Download this Paper Open PDF in Browser

Legal Realism, Pluralism, and their Challengers

EUROPEAN LEGAL METHOD - TOWARDS A NEW EUROPEAN LEGAL REALISM?, U. Neergaard, R. Nielsen, eds., Copenhagen: DJOEF Publishing, 2013

Oxford Legal Studies Research Paper No. 76/2012

25 Pages Posted: 13 Dec 2012  

Nicholas W. Barber

University of Oxford - Faculty of Law

Date Written: December 12, 2012

Abstract

This paper looks at the intersection of three strands of legal scholarship. Legal realism and legal pluralism can each trace their origins back to the early years of the last century. After a comparative decline of interest, they are now back in fashion, with energetic debate raging over their implications for legal scholarship. Alongside this revival, a challenger has emerged. Inspired by the work of Ronald Dworkin, a number of scholars have argued for an understanding of law that, initially at least, appears to place both realism and pluralism beyond the reach of legal theory. This paper seeks to defend both realism and pluralism against this challenge. It contends, first, that the complementary analytical attractions of realism and pluralism provide reasons why the Dworkinian approach to law ought not to be embraced. Secondly, even if we were to adopt the Dworkinian account of law, this would still leave the core insights of realism and pluralism untouched: even a Dworkinian must accept the need for a complementary ‘sociological’ concept of law to supplement her ‘doctrinal’ account of law. Finally, under certain conditions even a Dworkinian account of law leaves space for legal pluralism, though not for legal realism. Perhaps Dworkinians can be pluralists, too.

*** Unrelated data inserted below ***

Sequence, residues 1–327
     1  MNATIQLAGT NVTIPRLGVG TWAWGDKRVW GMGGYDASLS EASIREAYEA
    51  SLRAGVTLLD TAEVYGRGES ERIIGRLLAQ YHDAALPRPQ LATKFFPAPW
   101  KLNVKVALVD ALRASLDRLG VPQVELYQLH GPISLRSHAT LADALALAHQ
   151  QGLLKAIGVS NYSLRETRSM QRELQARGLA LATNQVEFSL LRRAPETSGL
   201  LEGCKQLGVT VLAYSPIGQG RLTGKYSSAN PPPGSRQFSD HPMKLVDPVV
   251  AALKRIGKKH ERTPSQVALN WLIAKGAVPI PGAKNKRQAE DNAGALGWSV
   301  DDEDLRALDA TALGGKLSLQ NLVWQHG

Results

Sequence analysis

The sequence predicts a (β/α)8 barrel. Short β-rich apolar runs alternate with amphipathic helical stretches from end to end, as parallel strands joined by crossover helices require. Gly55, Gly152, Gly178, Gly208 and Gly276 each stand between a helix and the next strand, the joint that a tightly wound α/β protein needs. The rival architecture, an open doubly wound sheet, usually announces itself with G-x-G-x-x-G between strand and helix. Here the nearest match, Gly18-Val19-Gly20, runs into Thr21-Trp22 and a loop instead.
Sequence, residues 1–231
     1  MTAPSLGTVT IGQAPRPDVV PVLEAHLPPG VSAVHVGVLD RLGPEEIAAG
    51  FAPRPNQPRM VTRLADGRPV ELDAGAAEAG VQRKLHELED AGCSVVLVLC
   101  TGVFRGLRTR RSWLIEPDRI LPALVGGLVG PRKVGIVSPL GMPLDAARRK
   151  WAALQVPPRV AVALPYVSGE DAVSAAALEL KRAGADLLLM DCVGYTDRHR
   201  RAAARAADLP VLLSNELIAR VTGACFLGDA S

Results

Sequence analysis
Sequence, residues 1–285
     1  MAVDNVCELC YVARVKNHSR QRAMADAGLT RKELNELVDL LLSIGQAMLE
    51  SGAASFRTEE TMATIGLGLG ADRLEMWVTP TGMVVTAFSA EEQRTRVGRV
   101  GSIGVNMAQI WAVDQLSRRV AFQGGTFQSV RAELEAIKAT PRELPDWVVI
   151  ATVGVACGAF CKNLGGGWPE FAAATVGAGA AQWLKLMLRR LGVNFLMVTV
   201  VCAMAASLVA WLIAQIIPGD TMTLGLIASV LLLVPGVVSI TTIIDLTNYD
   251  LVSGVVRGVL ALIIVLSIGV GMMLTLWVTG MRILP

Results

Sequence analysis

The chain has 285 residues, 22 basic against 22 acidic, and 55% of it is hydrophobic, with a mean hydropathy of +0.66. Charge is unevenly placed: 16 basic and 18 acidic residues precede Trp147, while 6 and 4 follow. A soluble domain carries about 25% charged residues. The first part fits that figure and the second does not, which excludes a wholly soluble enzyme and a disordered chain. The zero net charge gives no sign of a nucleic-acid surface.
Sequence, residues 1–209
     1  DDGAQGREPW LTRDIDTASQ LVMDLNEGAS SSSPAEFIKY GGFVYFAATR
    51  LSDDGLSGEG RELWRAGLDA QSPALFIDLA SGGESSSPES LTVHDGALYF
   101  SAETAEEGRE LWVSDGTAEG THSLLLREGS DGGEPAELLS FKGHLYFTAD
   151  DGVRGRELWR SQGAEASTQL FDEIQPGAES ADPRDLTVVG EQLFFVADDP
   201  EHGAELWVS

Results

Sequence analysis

Suggested Citation

Barber, Nicholas W., Legal Realism, Pluralism, and their Challengers (December 12, 2012). EUROPEAN LEGAL METHOD - TOWARDS A NEW EUROPEAN LEGAL REALISM?, U. Neergaard, R. Nielsen, eds., Copenhagen: DJOEF Publishing, 2013; Oxford Legal Studies Research Paper No. 76/2012. Available at SSRN: https://ssrn.com/abstract=2188249

Nicholas W. Barber (Contact Author)

University of Oxford - Faculty of Law ( email )

St. Cross Building
St. Cross Road
Oxford, OX1 3UJ
United Kingdom

Paper statistics

Downloads
398
Rank
60,996
Abstract Views
1,364